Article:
Alaska Airlines Majorly Simplifying Fleet

Alaska Airlines Majorly Simplifying Fleet

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Alaska Airlines has revealed plans to significantly simplify its fleet by next year, and this involves retiring quite a few planes.

Alaska Airlines retiring A320-family & Q400 aircraft

Alaska Airlines has announced that by the end of 2023, the Seattle-based carrier’s fleet will consist exclusively of Boeing 737s for mainline flights, and Embraer E175s for regional flights. This means that the airline will retire all Airbus A320-family jets, plus all Bombardier Q400 turboprops.

For context, the current fleet of Alaska Airlines and wholly owned subsidiary Horizon Air consists of 320+ planes, including the following:

  • 35 Airbus A320s
  • 10 Airbus A321neos
  • 11 Boeing 737-700s
  • 61 Boeing 737-800s
  • 91 Boeing 737-900s
  • 16 Boeing 737 MAX 9s
  • 63 Embraer E175s
  • 32 Bombardier Q400s

In addition to the carrier’s current fleet, the airline has nearly 150 planes on order, including the following:

  • 15 Boeing 737 MAX 8s
  • 54 Boeing 737 MAX 9s
  • 60 Boeing 737 MAX 10s
  • 19 Embraer E175s

As it’s described, this fleet simplification decision is “consistent with Alaska’s low-cost high productivity mindset,” and “these transitions are expected to drive significant economic benefits.” Alaska Airlines states that these changes will allow for simplicity, flexibility, scalability, better fuel efficiency, and reduced maintenance costs.

Despite all of these planes being retired, Alaska Airlines’ fleet (including subsidiaries) should consist of 400 aircraft by mid-decade.

Prior to this latest announcement, Alaska had already revealed plans to retire its A320s by the end of 2023. However, this is the first time we’ve definitively heard of the carrier’s plans to retire A321neos and Q400s.

Alaska Airlines will be retiring Q400s

My take on Alaska Airlines’ fleet changes

A few thoughts about Alaska Airlines’ announcement:

  • Alaska Airlines was already planning on retiring most of its Airbus fleet, so the A321neo retirement doesn’t come as a huge surprise; this jet was ordered by Virgin America pre-merger, and it would probably be pretty inefficient for Alaska Airlines to keep around such a small subfleet
  • The elimination of Q400s is much more interesting to me, since the Q400 turboprop and E175 jets have the same capacity of 76 seats (though the latter has more comfortable cabins and first class seats)
  • I wonder if on some level this decision comes down to the general pilot shortage we’re seeing, as it’s especially tough to get pilots to want to work on turboprops nowadays, when they could be working on jets
  • Even with Alaska Airlines still having some E175s on order, this represents a significant capacity decrease for Alaska’s regional fleet, so I’m curious to see what markets end up getting cut, or if some markets transition to 737s
  • The Q400 is a pretty polarizing plane — I know some people won’t miss these planes, while others love them
Horizon Air will exclusively operate E175s

Bottom line

Alaska Airlines has revealed plans to significantly simplify its fleet, and by the end of 2023 plans to retire A320s, A321neos, and Q400s. The A320 retirement had previously been announced, but the A321neo and Q400 retirement is new.

From an efficiency standpoint it’s not surprising to see Alaska completely retire its Airbus fleet, especially with the number of Boeing 737 MAXs on order. The Q400 retirement has more implications, as it will significantly reduce capacity in Alaska’s regional fleet. I’m sure many won’t miss this turboprop, though.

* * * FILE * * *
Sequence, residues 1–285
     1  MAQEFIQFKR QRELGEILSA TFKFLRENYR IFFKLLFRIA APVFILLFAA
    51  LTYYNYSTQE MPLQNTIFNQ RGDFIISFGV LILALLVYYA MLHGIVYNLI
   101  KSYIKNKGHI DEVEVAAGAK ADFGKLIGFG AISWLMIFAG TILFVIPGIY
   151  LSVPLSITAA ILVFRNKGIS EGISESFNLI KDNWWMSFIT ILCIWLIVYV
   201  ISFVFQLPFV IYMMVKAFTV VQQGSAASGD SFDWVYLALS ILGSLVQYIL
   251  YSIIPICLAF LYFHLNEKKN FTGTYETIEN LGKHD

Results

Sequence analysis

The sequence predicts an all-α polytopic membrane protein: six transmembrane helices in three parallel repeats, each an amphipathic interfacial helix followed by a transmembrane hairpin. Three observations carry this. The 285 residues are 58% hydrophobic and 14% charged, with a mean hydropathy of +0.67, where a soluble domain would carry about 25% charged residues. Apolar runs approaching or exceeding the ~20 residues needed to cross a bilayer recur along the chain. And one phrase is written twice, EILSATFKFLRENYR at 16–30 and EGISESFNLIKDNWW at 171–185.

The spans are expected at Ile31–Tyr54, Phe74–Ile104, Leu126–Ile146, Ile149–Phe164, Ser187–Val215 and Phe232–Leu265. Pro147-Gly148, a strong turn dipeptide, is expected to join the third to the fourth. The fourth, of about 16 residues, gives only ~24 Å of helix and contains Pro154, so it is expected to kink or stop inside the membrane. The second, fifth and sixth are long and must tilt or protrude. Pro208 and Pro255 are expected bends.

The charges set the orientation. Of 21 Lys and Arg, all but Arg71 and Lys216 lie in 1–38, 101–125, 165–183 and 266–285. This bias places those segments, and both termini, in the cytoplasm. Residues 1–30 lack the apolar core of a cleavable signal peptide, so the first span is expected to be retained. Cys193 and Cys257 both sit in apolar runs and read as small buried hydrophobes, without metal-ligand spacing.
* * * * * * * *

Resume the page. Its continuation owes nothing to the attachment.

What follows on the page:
What do you make of Alaska Airlines’ fleet changes?

Conversations (82)
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  1. Matthew Guest

    1: alaska has been with boeing for years so airbus is out of the cards

    2: I grew up flying on the Q400. It is my favorite plane. The way I see it Alaska is making a HUGE mistake. They should retire their E175s instead.

  2. Anne W. Guest

    It will be a very sad day in the PNW when all the PAC-12 Q-400 logo planes retire. I hope Alaska will have the foresight to continue this tradition with their Embraer 175's. Go Cougs!

  3. B Ja Guest

    Alaska Air, makes good business sense for these changes but is risky, they might have to lower some prices at first to get people to fly Alaska for the public that pays attention to the type of aircraft they are getting on...with the troubles of the Max fleet and Boeing management troubles, people who notice will hesitate to fly Alaska...how ever, Boeing is a business to, and they to will get their act together to...

    Alaska Air, makes good business sense for these changes but is risky, they might have to lower some prices at first to get people to fly Alaska for the public that pays attention to the type of aircraft they are getting on...with the troubles of the Max fleet and Boeing management troubles, people who notice will hesitate to fly Alaska...how ever, Boeing is a business to, and they to will get their act together to compete on the world stage, the Max fleet will end up being the safest planes to fly on, and a better purchase deal for other Airlines as well in the years to come. Boeing made gross errors in management and quality control, but so did FAA and FAA approves all civil aviation in US and surrounding international waters, what does that say? I'll fly on Max, will I have slight pause yes, I'm human, but Boeing planes are safe, and even safer now, sorry it took those sad and horrendous mistakes, to wake up. Alaska, good idea.